BY Caitlin McDermott-Murphy via https://news.harvard.edu/
Scientists have seen gains the past 50 years, but culture remains an obstacle
In the 1970s, as Evelynn Hammonds walked the halls of MIT’s physics department on her way to a Ph.D., faculty, students, and staff kept asking her the same question:
“Hi, Shirley, how’s your work going?”
Her name, of course, was Evelynn, not Shirley. A few years before, Shirley Jackson, the second African American woman to receive a Ph.D. in physics in the United States, had been the only Black woman in the department. But she was gone by the time Hammonds, also the only Black woman in MIT physics, arrived.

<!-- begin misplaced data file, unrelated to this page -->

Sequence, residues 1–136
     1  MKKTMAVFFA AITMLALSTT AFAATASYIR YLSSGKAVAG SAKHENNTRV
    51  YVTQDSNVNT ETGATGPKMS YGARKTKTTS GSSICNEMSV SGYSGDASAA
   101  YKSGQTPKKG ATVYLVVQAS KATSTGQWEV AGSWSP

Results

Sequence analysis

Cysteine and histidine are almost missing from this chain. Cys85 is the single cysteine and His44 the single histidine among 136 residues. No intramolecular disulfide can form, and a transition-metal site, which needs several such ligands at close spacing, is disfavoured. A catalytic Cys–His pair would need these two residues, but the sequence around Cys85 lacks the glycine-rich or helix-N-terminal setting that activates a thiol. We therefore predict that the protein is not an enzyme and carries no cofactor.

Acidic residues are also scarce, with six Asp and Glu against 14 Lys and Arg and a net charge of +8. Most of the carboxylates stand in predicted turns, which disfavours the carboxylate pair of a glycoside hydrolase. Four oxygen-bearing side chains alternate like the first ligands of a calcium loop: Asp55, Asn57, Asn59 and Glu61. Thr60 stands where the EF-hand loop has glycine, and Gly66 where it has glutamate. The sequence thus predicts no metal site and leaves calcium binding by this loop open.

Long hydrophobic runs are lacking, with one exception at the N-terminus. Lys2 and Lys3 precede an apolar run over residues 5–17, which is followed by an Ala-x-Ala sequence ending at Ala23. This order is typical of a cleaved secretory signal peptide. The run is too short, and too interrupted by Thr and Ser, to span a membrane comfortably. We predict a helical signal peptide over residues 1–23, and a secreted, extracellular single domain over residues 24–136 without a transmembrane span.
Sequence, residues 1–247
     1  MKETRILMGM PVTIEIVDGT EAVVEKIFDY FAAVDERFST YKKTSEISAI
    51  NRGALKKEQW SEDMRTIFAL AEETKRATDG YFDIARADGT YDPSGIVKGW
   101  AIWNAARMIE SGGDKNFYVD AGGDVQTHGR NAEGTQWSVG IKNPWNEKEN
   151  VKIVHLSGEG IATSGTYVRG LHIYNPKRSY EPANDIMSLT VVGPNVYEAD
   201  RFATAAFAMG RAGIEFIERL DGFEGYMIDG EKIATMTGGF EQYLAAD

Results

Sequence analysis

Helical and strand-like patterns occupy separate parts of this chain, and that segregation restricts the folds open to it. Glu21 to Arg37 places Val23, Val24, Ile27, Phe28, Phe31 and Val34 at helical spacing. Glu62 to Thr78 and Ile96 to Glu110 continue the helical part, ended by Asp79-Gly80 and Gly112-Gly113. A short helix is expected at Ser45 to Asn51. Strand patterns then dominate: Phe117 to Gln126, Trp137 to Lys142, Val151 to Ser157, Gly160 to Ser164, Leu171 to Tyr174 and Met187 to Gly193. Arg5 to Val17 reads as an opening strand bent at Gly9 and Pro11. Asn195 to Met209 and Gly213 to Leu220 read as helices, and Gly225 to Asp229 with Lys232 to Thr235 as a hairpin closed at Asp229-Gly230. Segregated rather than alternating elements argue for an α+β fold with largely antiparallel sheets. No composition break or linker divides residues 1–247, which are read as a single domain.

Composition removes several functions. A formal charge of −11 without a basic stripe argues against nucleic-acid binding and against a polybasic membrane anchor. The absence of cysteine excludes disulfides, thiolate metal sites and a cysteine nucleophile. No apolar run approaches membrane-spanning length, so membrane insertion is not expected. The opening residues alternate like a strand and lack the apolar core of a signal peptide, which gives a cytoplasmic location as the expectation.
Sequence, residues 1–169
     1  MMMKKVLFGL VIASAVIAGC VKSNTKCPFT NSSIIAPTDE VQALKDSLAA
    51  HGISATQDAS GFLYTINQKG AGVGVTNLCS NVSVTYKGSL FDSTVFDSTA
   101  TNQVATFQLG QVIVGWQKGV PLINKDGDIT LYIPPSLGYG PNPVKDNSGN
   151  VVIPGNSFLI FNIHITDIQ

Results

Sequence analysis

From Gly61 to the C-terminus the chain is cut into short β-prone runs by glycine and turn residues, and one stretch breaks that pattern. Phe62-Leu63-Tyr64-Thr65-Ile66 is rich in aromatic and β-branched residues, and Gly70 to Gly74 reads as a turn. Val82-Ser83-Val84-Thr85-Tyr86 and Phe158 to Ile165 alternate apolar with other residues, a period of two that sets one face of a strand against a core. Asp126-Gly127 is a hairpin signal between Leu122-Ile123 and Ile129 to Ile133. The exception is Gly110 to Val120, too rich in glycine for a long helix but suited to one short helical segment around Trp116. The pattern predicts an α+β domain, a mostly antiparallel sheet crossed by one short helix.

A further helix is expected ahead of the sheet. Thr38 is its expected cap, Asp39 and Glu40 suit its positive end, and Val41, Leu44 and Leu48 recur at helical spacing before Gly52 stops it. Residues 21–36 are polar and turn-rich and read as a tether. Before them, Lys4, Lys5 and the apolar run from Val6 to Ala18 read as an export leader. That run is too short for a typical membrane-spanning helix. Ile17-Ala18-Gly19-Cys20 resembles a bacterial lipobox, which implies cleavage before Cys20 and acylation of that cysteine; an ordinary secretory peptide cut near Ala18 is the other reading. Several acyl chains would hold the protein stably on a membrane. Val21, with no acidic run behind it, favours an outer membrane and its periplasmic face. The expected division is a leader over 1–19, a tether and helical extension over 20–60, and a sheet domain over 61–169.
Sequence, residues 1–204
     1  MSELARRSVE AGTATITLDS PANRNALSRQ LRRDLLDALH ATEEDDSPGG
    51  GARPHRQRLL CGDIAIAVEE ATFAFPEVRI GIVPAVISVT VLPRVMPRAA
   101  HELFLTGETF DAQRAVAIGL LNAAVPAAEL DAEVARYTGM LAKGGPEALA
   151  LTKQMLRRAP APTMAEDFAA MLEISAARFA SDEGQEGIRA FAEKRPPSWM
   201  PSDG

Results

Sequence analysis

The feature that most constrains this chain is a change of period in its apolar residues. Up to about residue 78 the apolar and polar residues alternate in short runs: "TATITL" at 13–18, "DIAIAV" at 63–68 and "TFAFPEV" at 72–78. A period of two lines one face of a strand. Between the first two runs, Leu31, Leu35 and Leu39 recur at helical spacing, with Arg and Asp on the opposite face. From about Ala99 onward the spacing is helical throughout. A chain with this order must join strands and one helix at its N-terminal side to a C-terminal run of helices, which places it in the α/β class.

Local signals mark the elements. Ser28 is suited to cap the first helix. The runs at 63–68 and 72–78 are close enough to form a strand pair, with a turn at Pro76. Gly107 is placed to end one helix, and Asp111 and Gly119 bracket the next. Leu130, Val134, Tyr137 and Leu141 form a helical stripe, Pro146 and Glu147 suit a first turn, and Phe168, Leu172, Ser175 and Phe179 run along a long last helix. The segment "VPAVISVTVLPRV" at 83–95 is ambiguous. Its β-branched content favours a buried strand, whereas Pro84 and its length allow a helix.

“As an African American woman, I carried the double burden,” Hammonds, the chair and professor of the history of science at Harvard, recalled in a recent interview with the Harvard Museums of Science and Culture. “The first two years, I just felt like I was constantly fighting to have people take me seriously.”
After she earned her degree, Hammonds took a leave of absence to grapple with questions physics couldn’t answer: “Where are the women? What’s going on?”
Today, on the 50th anniversary of Title IX, which prohibits sex-based discrimination at educational institutions that receive federal funding, she’s still asking why…